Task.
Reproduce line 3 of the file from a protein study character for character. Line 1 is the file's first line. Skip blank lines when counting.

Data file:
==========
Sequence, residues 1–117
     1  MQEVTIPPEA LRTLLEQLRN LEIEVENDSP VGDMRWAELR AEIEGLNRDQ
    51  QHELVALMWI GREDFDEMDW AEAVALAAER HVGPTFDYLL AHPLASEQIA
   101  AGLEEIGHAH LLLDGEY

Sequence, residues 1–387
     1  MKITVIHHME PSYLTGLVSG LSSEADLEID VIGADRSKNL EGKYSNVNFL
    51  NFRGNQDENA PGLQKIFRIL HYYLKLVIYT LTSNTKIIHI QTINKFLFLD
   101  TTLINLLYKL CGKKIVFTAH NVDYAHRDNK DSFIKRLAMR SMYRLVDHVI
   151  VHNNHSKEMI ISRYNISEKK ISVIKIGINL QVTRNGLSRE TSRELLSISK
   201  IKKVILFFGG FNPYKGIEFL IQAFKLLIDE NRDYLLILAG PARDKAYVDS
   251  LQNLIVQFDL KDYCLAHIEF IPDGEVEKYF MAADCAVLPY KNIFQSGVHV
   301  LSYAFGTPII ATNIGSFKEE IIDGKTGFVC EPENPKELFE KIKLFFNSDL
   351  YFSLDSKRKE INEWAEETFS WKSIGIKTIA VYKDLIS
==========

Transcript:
    51  QHELVALMWI GREDFDEMDW AEAVALAAER HVGPTFDYLL AHPLASEQIA